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Fig. 2 | Parasites & Vectors

Fig. 2

From: The missing link in parasite manipulation of host behaviour

Fig. 2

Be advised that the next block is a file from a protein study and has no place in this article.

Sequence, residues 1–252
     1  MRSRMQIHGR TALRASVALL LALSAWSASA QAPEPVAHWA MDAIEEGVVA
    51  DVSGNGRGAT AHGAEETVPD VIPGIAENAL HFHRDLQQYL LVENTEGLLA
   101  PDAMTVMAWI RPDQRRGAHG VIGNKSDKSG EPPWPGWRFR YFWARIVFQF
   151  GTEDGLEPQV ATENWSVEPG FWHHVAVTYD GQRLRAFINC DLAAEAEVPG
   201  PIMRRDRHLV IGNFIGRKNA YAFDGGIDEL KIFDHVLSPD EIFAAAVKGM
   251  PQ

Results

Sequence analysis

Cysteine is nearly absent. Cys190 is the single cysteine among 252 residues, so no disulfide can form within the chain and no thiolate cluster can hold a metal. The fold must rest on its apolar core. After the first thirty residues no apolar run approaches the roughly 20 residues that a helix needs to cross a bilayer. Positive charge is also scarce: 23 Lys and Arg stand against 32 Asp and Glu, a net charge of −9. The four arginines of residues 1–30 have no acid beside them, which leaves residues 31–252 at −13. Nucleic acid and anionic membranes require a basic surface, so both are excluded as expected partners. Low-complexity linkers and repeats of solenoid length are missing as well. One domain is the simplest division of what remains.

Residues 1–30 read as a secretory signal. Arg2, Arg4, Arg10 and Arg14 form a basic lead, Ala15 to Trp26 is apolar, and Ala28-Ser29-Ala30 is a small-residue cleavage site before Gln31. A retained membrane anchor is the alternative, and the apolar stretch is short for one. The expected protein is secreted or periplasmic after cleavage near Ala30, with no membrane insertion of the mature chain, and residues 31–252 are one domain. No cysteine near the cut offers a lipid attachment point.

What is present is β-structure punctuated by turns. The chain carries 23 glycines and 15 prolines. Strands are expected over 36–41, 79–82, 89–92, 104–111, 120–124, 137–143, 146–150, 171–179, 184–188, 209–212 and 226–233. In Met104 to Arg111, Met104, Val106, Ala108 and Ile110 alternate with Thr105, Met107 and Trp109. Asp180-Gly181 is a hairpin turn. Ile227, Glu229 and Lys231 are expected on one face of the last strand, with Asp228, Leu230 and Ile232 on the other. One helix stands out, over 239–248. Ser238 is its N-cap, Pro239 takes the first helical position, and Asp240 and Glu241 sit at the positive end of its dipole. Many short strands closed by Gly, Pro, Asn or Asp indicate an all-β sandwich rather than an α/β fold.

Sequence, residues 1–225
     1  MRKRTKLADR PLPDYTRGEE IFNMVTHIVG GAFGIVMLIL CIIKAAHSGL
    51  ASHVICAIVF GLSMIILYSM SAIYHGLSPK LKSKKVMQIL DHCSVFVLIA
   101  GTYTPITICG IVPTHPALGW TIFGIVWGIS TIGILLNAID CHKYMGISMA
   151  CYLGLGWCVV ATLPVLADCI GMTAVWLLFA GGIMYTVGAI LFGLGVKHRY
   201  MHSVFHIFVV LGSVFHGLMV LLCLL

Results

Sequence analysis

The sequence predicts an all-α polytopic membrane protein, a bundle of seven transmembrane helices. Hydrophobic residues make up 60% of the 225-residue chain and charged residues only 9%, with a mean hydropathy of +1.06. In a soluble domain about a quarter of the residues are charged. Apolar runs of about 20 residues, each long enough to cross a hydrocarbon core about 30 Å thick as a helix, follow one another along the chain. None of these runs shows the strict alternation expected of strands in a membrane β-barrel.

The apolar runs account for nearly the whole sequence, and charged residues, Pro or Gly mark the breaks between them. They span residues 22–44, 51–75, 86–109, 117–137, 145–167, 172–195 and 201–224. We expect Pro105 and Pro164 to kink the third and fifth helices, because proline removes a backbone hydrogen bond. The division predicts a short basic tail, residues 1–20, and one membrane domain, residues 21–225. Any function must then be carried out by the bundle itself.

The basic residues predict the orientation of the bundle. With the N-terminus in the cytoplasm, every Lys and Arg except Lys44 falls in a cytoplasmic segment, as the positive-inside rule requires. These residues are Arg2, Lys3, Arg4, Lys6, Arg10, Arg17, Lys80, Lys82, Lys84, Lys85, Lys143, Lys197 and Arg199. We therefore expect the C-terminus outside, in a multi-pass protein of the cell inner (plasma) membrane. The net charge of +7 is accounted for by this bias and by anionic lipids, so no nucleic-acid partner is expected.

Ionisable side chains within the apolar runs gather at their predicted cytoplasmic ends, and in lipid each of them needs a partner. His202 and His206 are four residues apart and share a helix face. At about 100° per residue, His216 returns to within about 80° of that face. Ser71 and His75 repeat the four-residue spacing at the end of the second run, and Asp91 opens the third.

Hypothetical host-parasite system where the parasite is adaptively manipulating behaviour via Alpha-1 upregulation in the central nervous system (CNS) of the host. The major known (1, 4, 5) and hypothetical (2, 3) steps required for adaptive behavioural manipulation are presented here. Evidence of steps 2 and 3 has allowed researchers to eliminate the possibility that Alpha-1 upregulation was a side effect of infection. Key: Numbers represent the known and potential fundamental steps in host manipulation: (1) Establishment of parasite in host (location of parasite will vary depending of host-parasite system i.e. CNS, muscle, digestive tract); (2) Source (potentially multiple different sources) of manipulation factors activates at a given time during the parasite's development cycle, releasing manipulation factors into the host; (3) Manipulation factors exert their effects on one or more physiological systems; (4) Molecular change in the host (i.e. Alpha-1 upregulation as in the hypothetical case of Fig. 1) as a result on manipulation factors released by the parasite; (5) Host behavior changes as a result of the molecular change induced by the manipulation factors. Behavioural alteration directly increases the parasite's fitness. Glossary: Manipulative factor: Any molecule/substance released by the parasite that alters the normal functioning of one or more of the major identified pathways for host manipulation, resulting in a molecular shift in the host which ultimately changes the host behavior for the benefit of the parasite; Manipulative factor source: A structure (organelle, membrane, gland, enzyme etc.) which generates manipulative factors for the parasite to use in host manipulation

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